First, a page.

What I consider the "meat" of this book, and what should have made this a 4 or 5 star book, covers the Metasploit Framework 2.x branch and NOT the current 3.x branch. By "meat" I mean the case studies covering exploitation using MSF. The major difference between the two is that 2.x was written in Perl and 3.x in Ruby. To be fair the first 5 chapters cover using MSF 3.x, but I really didn't feel they covered much, if anything, that's not out on the net with the exception of Chapter 5 (Adding new Payloads). "Using" Metasploit has been covered a million times in a million other books. A book specifically on Metasploit should have covered things not covered in every other hacking book.

Chapter 1 is an "Introduction to Metasploit." If you haven't ever used the tool and didn't want to RTFM, then "maybe" it would be useful for you. Most of the material I felt could be found on the Metasploit main support page, the wiki, or via google, but mostly the first two. I'm also not sure why there are pages and pages of current payloads and exploits with no explanations as to why I would use one type of payload versus another especially for the obscure ones like find tag or ordinal payloads. Doing a "show exploits" or "show payloads" without dialogue on the differences adds little value.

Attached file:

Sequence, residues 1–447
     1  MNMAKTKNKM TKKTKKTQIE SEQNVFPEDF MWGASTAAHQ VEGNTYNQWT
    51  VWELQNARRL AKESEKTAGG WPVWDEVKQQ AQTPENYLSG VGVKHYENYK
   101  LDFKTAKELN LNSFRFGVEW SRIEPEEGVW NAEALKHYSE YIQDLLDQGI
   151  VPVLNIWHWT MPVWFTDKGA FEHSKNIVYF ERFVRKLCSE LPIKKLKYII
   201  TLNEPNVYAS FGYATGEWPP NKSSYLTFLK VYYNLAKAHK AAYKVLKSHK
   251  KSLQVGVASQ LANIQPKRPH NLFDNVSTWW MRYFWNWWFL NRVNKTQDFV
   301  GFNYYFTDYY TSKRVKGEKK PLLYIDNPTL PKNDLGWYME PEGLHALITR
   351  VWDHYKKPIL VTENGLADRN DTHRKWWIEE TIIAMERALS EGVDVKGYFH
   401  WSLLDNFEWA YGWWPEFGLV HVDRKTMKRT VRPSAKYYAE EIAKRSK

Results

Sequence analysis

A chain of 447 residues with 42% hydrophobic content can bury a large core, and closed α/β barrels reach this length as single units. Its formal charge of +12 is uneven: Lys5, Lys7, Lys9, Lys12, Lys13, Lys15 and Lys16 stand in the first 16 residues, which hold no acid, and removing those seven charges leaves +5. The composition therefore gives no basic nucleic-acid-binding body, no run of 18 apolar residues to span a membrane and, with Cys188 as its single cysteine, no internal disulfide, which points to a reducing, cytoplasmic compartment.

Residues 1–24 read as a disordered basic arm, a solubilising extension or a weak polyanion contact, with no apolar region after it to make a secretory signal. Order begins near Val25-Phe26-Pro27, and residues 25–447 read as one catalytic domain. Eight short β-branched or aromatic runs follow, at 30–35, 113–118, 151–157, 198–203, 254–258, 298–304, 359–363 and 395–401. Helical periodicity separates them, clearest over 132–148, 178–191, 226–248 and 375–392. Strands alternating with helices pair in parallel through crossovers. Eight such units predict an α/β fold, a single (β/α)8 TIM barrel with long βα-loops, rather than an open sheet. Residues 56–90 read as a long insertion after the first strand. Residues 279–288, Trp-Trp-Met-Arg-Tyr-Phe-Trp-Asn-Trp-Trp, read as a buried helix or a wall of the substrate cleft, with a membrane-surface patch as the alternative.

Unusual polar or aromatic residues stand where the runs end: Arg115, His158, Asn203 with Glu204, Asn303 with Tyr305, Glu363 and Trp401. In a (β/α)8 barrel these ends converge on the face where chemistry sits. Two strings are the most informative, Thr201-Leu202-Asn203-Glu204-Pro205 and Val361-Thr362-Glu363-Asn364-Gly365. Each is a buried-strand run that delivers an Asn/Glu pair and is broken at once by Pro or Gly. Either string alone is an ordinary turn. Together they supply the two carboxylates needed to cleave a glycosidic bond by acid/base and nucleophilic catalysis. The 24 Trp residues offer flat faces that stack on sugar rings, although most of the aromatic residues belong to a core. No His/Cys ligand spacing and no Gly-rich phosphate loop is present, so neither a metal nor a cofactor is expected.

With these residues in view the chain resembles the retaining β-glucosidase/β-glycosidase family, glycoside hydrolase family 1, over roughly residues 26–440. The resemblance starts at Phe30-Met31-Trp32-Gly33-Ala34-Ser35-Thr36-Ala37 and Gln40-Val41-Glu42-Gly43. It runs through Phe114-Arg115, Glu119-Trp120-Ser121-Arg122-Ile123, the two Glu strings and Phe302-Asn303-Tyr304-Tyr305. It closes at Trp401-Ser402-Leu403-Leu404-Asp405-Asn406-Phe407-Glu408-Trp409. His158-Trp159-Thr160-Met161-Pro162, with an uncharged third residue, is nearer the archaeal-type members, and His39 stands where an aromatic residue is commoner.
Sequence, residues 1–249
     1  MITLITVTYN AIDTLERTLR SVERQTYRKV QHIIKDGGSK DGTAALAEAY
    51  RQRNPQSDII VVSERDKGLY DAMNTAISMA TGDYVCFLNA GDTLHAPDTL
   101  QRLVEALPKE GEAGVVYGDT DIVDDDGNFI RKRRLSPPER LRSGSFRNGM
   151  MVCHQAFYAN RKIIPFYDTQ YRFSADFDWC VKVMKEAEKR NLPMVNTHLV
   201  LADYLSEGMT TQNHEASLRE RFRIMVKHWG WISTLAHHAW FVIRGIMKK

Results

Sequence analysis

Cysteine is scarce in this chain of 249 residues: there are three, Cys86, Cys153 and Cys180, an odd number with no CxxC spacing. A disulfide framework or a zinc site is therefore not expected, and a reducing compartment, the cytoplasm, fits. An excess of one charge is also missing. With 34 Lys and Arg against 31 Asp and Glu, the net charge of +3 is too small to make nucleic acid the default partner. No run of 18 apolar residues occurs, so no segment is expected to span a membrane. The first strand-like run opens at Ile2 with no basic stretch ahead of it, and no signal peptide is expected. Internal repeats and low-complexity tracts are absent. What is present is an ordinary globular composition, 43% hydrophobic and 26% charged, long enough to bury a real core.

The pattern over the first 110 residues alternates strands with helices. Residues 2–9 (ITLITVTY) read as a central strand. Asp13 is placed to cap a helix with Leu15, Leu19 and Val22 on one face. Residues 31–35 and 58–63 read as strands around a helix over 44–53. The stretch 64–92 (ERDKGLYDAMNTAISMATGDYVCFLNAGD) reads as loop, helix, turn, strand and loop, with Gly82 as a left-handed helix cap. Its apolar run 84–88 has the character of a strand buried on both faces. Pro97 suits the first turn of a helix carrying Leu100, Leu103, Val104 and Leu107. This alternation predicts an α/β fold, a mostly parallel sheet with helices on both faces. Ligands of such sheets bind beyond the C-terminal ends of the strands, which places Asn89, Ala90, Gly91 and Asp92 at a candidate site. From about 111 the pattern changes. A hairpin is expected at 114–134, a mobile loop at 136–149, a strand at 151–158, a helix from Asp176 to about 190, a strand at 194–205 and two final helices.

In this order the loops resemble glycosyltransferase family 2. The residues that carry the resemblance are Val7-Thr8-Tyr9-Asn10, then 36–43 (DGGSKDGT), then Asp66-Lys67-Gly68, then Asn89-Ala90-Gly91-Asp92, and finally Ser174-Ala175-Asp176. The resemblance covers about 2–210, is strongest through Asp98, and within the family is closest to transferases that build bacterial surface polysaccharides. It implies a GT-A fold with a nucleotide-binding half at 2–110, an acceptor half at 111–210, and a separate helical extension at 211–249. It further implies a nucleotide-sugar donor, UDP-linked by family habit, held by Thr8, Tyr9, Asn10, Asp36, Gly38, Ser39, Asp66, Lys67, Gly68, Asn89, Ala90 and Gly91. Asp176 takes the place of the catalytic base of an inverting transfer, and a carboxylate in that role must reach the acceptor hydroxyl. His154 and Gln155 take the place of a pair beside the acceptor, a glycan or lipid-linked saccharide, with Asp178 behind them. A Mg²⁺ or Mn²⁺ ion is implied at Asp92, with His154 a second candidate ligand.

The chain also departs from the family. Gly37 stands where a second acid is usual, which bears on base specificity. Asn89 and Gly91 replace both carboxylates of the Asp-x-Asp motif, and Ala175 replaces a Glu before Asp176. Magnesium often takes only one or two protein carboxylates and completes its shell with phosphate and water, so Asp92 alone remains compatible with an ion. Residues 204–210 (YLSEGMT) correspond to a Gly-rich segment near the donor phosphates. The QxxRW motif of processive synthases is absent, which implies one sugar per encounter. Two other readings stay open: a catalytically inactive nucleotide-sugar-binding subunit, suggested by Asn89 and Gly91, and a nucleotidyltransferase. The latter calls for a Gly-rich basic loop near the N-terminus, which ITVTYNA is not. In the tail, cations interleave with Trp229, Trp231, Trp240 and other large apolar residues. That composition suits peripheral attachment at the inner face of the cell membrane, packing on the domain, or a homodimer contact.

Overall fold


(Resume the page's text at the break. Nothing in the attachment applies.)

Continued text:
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3 of 3 people found the following review helpful By Richard Campbell on December 8, 2008
Format: Paperback Verified Purchase
What could have been a brillent book, turned out to be more of a dud then anything else. By the time this book came out, Framework 3 should have been covered, instead, the book focuses on version 2.x.

If you are a newbie to Metasploit I can understand that this book could have been helpful, primarily for the historical purposes, and if you've used 2.x and intend on staying at the version, go ahead, read the book. But, if you are like 99.9% of the rest of use, save your money and wait until someone else either writes an in-depth book on the actual use of the most current version of Metaspolit and the inner workings, etc, or, look up the information needed on the web. You'll feel more satisified with yourself knowing you didn't waste your time and money.